A new structure, celebrating the 400th anniversary of the Pilgrim Fathers will be installed at Scotia Creek near Boston later this year.
The metal viewing platform will allow visitors to look out to the Wash and beyond, at an important spot in the story of the Mayflower Pilgrims and their voyage to New England in the 1600s.
The joint project between Arts Council England and Lincolnshire County Council is part of a series of projects in the Boston area celebrating the Mayflower’s 400th anniversary.
It also adds to a series of other shelters and lookouts installed on the Lincolnshire coast in recent years. Installation for the structure at Scotia Creek is planned for November 2020.
Cllr Colin Davie, executive councillor for economy and place at the county council, said: ‘Lincolnshire played an important role in the iconic story of the Mayflower Pilgrims and the county has some incredible links to their journey as they sought religious freedom.
“Although the Mayflower 400 celebrations have mostly been postponed until summer 2021, the connection this part of Lincolnshire has to the founding of America is well worthy of our celebration at any time.”
Peter Knott, Midlands Area Director for Arts Council England, said: “Recognising significant events in history like the Mayflower voyage, through arts and creativity is important for us all and can help us acknowledge what the Mayflower journey has come to symbolise to different people.
“We’re really pleased to be supporting the Scotia Creek project through our National Lottery Project Grants, and hope the installation will give visitors space to reflect and the opportunity to learn about the history of Boston and Lincolnshire’s coast.”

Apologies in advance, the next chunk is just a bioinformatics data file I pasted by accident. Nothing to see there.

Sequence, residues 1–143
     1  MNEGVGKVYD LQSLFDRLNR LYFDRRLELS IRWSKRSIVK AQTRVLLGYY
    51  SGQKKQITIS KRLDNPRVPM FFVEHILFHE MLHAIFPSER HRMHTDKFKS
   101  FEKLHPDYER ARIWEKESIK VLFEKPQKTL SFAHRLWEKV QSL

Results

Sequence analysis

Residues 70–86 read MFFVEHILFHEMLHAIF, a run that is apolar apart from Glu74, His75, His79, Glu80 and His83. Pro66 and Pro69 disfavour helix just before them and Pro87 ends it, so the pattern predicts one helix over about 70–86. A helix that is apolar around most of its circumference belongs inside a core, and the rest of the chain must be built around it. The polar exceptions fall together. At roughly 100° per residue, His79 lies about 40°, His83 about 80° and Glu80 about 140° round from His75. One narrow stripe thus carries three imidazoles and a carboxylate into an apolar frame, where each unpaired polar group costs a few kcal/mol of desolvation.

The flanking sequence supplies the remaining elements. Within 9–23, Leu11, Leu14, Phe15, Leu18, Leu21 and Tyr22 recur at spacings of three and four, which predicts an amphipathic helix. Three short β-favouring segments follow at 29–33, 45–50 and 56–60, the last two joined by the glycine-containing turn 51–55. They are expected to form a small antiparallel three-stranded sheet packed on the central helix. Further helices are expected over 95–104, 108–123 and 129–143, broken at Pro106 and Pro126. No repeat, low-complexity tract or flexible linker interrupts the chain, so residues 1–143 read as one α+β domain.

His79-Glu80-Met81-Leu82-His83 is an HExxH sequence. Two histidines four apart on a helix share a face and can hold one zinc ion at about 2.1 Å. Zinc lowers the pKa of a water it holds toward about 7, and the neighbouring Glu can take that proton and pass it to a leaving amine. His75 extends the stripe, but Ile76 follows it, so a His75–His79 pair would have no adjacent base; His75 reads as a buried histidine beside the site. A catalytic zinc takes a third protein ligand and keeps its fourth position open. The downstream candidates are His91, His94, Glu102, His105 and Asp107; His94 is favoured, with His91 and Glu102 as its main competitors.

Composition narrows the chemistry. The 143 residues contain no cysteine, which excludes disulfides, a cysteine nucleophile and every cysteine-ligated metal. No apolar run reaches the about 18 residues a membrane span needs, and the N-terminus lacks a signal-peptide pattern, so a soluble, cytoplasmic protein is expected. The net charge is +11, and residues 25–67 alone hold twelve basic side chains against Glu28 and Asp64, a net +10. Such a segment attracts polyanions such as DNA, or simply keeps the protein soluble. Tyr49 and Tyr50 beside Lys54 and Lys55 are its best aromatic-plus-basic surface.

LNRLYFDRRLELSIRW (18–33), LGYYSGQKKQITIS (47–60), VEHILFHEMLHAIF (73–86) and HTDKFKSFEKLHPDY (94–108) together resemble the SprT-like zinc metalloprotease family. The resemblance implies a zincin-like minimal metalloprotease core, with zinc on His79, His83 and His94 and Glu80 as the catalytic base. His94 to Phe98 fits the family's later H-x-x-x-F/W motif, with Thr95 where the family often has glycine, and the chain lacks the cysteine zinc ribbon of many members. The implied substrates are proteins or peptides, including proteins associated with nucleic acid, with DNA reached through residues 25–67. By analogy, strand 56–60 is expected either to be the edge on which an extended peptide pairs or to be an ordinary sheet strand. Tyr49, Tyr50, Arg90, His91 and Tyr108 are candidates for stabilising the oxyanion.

The new structure incorporates an elevated 5m metal deck with a balustrade containing features depicting the navigational journey to the New World, and the stars in the night sky used to get there.
The deck is level with the top of the new bank profile, and accessed from it. The design considers themes of navigation relating to migration, flight and exploration of unknown worlds.
The platform provides shelter and has seating that can be altered by visitors to give views back to Boston, as well as out to sea.
The £115k memorial is jointly funded by Arts Council England (£90k)and Lincolnshire County Council (£25k), with the land provided by Boston Borough Council.
Architectural practice, MSA Gruff, was chosen to design and build the new structure following an international design competition held in 2018.
In the 1600s, a small congregation of separatists (known as the ‘Scooby Congregation’) decided to flee the UK and head to Holland. They met at Scotia Creek in 1607, but on the night they were due to leave for Holland they were betrayed, captured and imprisoned in Boston Guildhall. A year later the Pilgrims succeeded in their escape to Holland, before eventually sailing from Plymouth in September 1620, landing on 9 November at Cape Cod in New England.